• The tier generator builds an entire tier (typically, a data-access tier) from an abstract definition. UML products that integrate with your IDE can fall into this class.

  • The full-domain language is a Turing-complete programming language created just for your problem. It gives you a general-purpose way to specify code that should be created.

Within this taxonomy are many, many code-generation tools for the .NET languages. Some, like the CodeSmith tool that I briefly demonstrated earlier in the chapter, are very general-purpose tools. Others are targeted at one specific area, such as creating business objects or building database-backed web applications.

Brainstorming Code-Generation Uses

Don’t get the impression that code generation is only concerned with putting out source code that you can then feed into a compiler. It’s better to think of code generation as a technology for automatically generating a variety of end products, only some of which fall into the traditional category of “code.” Here are just a few examples of things that you might produce using code generation:

  • Database-access code This includes stored procedures and data-access classes.

  • User-interface code This might be your final production code, or it might be quickly mocked-up code that allows you to test classes in your project.

  • Documentation Think about the XML comments in C#, which can be turned into HTML help by NDoc. You’ll learn more about NDoc in Chapter 12, “Creating Documentation.”

  • Unit tests If you’re going to generate code, why not generate tests for the code as well?

  • Web services You could write a Web Services Description Language (WSDL) file and have all the code needed to implement it automatically generated.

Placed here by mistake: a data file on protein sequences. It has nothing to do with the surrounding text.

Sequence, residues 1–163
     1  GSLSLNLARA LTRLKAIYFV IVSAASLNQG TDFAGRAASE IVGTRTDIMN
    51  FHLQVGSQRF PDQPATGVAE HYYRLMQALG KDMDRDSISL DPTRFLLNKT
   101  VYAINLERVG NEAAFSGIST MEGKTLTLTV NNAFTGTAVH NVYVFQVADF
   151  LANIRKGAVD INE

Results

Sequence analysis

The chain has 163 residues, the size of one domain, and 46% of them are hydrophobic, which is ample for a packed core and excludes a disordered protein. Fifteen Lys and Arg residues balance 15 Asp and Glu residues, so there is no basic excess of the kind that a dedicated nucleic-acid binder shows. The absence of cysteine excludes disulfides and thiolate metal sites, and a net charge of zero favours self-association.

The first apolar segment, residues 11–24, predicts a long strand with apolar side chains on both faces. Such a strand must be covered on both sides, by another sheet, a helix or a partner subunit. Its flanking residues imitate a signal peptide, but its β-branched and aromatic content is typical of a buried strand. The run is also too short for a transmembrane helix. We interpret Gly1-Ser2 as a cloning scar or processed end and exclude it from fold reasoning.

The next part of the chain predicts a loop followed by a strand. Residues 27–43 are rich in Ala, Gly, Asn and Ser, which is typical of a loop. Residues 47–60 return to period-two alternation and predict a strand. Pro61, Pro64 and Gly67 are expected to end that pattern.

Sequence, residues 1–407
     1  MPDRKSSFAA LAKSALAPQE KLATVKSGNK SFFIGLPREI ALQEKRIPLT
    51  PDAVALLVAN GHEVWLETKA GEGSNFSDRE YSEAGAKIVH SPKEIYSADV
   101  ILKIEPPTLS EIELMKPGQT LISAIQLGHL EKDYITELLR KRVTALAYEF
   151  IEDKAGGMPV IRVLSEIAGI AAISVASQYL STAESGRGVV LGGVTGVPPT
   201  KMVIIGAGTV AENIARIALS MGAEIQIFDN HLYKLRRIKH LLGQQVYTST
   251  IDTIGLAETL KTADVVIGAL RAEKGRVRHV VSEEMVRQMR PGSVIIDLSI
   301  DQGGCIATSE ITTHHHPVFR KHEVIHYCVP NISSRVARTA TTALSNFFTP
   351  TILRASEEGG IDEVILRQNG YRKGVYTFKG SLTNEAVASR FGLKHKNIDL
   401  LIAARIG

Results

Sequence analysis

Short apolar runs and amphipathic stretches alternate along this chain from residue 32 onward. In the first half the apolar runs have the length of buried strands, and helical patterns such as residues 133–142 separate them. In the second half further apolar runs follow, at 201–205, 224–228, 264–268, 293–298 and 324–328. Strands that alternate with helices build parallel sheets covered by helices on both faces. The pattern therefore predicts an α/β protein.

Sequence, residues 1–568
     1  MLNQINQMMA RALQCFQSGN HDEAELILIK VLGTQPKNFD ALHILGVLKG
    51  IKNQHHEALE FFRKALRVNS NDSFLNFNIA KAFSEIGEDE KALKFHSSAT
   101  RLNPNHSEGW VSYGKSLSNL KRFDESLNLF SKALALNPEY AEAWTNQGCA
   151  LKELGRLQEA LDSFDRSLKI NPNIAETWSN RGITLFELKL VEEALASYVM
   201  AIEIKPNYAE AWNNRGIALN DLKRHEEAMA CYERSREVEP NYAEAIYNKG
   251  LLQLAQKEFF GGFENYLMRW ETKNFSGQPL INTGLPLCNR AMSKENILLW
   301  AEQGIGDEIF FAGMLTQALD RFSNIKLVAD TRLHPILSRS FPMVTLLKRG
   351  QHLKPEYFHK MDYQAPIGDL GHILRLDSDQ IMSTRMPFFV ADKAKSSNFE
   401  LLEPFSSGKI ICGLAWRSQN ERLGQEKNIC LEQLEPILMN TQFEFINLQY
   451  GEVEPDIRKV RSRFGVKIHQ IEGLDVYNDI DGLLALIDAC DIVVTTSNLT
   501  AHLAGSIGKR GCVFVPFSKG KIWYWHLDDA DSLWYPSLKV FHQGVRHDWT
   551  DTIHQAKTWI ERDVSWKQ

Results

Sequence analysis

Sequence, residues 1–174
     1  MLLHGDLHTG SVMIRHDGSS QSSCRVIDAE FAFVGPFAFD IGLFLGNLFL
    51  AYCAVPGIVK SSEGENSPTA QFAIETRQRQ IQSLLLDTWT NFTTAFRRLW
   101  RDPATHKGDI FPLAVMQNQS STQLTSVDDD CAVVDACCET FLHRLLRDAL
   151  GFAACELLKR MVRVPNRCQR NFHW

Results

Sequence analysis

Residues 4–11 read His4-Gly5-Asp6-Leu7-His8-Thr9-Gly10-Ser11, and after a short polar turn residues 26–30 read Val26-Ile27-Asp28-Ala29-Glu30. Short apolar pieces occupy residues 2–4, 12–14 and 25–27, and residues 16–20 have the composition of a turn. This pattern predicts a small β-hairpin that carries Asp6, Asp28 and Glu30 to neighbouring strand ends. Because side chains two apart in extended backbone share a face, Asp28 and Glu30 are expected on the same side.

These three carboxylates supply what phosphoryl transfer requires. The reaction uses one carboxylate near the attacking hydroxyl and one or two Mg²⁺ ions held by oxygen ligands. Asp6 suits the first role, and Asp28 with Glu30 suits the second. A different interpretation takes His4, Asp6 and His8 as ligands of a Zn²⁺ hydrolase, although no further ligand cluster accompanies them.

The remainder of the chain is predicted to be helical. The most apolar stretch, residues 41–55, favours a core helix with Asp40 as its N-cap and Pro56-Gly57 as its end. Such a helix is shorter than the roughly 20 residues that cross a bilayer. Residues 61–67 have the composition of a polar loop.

• DLL wrappers for legacy code Indeed, the .NET Framework will do some of this for you when you set a reference to a COM library from your .NET project.

  • Configuration files or initialization files For example, you might automatically generate an app.config file for your application based on a customer name and license key number.

  • Scripting files You could use Windows Management Instrumentation (WMI) and VBScript to provision websites into a new installation of Internet Information Services (IIS), for example.

  • Installation files The Windows Installer service works by looking at tables in a database, and there’s no reason that you couldn’t build some or all of those tables with a code-generation tool.

What it boils down to is this: If you can describe an output that you’d like to get, you can likely build a code generator to take the description to the actual output. (This leaves aside the question as to whether it’s more work to write the output or build the generator.)

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Coder to Developer. Tools and Strategies for Delivering Your Software
Coder to Developer: Tools and Strategies for Delivering Your Software
ISBN: 078214327X
EAN: 2147483647
Year: 2003
Pages: 118